Editors’ Note: The following piece is adapted from a speech given at “Paving the Way: Reflections on the Early Years of Coeducation at Notre Dame.” The panel discussion took place on Thursday, November 8, 2012 and was cosponsored by the Cushwa Center for the Study of American Catholicism, the Department of American Studies, the Program of Gender Studies and Badin Hall.
It is a wonderful opportunity to reminisce and reflect on one of the most important periods in the history of the University — a period that certainly set a new and important course for Notre Dame.
I said I would be honored and privileged to be a part of the panel tonight, but there were many better suited men of the class of 1976 — Fathers John Jenkins and Tim Scully or athletic director, Jack Swarbrick — heck, even Rudy. As I was bragging to my wife about this assignment, she reminded me that perhaps the University was looking for an average male’s perspective . . . emphasis on average! My ego was back in its proper place.
The last thing I want to do is to bore you with the details of my life, but I need to give you some context in order to reflect on 1972. I am one of five boys, no sisters. My high school, although co-ed, was new and two-thirds male, and my relationships with women consisted of my wonderful mother and the terrific Franciscan and IHM nuns who taught me. When I was accepted to Notre Dame and was informed that I would be a part of the first co-educational class, I was ecstatic! However, I did not realize there would be only 200 women in the class — I wasn’t great at math but I could do the odds.
I was ecstatic but I was worried how my father, a 1948 Notre Dame grad, would take the news that his university was about to change in a big way. He was pretty traditional but always objectively loyal to the place. I should not have worried. He was concerned about some of the traditions being lost, but he was all for it, after reflection. He knew it might raise the admission bar for his remaining sons, but it swung the door open for his future granddaughters. I won’t say he didn’t hear from a few of his classmates that this was a tragic decision (he did), but he was undeterred.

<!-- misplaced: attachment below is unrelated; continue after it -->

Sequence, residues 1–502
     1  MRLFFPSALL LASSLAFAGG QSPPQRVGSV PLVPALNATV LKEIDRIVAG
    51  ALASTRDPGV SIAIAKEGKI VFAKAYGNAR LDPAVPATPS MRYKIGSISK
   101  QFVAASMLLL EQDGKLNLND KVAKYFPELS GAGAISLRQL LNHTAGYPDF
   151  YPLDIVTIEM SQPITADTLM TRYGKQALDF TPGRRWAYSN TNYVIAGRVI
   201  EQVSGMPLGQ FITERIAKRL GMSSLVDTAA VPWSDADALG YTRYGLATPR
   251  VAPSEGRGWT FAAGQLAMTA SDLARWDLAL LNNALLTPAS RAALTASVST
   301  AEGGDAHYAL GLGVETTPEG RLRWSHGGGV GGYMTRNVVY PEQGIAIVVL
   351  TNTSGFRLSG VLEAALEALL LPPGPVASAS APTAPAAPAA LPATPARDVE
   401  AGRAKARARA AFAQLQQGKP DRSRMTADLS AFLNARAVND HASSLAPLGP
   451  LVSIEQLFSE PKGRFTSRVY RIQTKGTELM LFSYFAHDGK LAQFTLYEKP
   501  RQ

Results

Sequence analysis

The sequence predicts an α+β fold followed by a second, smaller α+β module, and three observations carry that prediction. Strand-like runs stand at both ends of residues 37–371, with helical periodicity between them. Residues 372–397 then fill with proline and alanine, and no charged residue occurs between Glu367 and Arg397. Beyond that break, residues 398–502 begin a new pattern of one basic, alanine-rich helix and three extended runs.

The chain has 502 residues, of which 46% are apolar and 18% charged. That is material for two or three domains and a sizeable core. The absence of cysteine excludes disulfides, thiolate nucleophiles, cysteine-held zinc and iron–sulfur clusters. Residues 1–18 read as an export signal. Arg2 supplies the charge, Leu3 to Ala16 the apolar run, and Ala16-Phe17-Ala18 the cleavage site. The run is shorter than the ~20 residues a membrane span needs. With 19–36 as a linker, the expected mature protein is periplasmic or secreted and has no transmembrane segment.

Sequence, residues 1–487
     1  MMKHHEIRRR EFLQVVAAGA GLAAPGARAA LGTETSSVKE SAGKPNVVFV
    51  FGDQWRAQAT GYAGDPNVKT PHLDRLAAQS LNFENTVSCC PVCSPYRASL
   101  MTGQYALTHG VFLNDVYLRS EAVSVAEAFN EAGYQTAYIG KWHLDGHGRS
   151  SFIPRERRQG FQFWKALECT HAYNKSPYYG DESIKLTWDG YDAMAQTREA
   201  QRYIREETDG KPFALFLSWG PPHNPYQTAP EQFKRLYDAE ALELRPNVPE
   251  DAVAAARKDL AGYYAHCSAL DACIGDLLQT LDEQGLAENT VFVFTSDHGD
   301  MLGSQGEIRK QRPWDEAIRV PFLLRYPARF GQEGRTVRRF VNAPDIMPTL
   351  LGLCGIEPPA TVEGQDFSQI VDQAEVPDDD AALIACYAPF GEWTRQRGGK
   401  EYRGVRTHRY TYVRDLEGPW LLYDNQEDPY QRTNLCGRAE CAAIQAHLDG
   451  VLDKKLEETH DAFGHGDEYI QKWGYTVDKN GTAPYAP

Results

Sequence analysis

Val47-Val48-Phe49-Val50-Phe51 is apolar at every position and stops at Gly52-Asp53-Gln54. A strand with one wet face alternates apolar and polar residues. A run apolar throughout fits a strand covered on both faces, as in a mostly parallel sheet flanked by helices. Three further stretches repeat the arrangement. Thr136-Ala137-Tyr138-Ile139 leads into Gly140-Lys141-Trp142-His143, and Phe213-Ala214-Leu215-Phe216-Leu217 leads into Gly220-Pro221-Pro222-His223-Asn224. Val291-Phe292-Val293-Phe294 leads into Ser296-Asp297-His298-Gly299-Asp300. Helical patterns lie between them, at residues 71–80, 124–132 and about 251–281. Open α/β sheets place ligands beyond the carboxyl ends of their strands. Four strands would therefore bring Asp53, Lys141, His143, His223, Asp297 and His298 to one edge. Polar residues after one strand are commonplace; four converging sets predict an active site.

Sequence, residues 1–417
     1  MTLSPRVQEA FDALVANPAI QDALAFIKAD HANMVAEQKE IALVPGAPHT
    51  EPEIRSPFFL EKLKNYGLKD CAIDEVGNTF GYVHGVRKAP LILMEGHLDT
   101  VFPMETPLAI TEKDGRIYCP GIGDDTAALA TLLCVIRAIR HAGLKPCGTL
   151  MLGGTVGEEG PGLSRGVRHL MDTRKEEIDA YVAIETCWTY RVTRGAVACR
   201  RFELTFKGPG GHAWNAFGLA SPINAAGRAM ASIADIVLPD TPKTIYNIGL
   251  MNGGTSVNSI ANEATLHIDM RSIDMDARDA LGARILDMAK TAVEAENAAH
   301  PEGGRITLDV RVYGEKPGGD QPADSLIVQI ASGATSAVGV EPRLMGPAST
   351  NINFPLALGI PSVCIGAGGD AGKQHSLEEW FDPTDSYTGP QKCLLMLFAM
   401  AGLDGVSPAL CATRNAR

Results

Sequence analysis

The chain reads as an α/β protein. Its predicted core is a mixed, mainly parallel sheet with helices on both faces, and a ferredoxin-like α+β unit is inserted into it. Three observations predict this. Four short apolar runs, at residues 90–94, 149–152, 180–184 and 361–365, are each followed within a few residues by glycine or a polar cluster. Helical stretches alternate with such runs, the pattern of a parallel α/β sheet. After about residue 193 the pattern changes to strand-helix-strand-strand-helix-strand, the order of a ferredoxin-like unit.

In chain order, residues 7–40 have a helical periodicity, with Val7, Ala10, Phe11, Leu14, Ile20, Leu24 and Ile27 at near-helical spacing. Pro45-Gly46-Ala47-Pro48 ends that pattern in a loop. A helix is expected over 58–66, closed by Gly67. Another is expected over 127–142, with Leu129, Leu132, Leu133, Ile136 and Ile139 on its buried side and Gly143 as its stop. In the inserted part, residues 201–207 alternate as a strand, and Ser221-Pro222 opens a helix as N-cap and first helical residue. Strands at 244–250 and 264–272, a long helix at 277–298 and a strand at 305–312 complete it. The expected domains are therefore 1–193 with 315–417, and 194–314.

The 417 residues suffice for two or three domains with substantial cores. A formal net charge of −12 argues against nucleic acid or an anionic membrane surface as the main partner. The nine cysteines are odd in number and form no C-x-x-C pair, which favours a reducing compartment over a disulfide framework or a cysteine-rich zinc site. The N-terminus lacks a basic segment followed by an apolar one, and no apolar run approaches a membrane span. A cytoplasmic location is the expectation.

So in 1972, the class of 1976 arrived with great enthusiasm and fanfare. As I reflect back on those early years, and at the risk of stereotyping, the boys/men of Notre Dame seemed to fall into three categories: A small percentage who felt that the new women had invaded their space, taken a couple of their dorms; a larger percentage were ready to strut their stuff so to speak — impress you, sweep you off your feet, mostly upperclassmen; and a third group was just plain oblivious. Not that they didn’t care — they were a little listless, just more concerned about being with and just plain being guys — mostly freshmen.
One of the great heroes of co-education was Sister Jean Lenz, at the time, rector of Farley Hall. I did not know Sister Jean as an undergrad but I got to know her a little during my 28 years of working at Notre Dame. She had a saying which I thought applied to that larger, listless, oblivious group I described. She would say that students would “grow up and grow deep” while at Notre Dame. Boy, this group needed all of that.
We Notre Dame men knew that the new Notre Dame women were smarter, more prepared and definitely more mature. They had already begun to “grow up and grow deep.” We men were a bit intimidated, and so what do large groups of intimidated males do? They try to be funny; they try to take advantage of larger numbers; they lose sight of decorum. There were plenty of good, respectful, sensitive men at Notre Dame, but the “group think” would take over from time to time, especially in the early years.
The women of 1972 were, without a doubt, pioneers, as they are deservedly called. The tone they established back then continues to pay dividends today and the women have been so exceptional all along the way. For 40 years — time and again, I have had the privilege of witnessing this through my work here — in speakers, in ambassadors, in volunteers, in athletes and in leaders.
Those early women changed the place and its people — but maybe in ways they are not aware — that oblivious, listless, immature group of boys eventually did grow up and grow deep — and they graduated, and they married, and they became fathers and they became fathers of daughters, and I guarantee you that as we raised our daughters we had those early women, our classmates, in mind as role models. Strong. Faithful. Smart. Loyal. Because as Sister Jean also used to say, “People get you ready for other people." And they did just that; they prepared us to be fathers of the future women of Notre Dame.
The University has made such great progress over the years and I can’t help but be in awe — Father Ted’s vision is now so crystal clear and co-education has played such a vital role in its progress. But it is no time to let up — institutions also need to “grow up and grow deep,” so Notre Dame needs to continue to be vigilant when it comes to co-education and its opportunities for women. There is still room to grow.
Let me close with a quote from Professor Paul Rathburn, now retired but longtime Arts and Letters professor. He was here in 1972 and said, “I was convinced at the time, and still am, that ‘going co-ed’ was one of the most brilliant moves Notre Dame ever made. The University will never be the same, and I thank God for it.”
Dan Reagan ’76 is a former associate vice president for University Relations at ND, and retired in 2012 after 28 years of service to the University. He now operates a fundraising consulting firm in South Bend.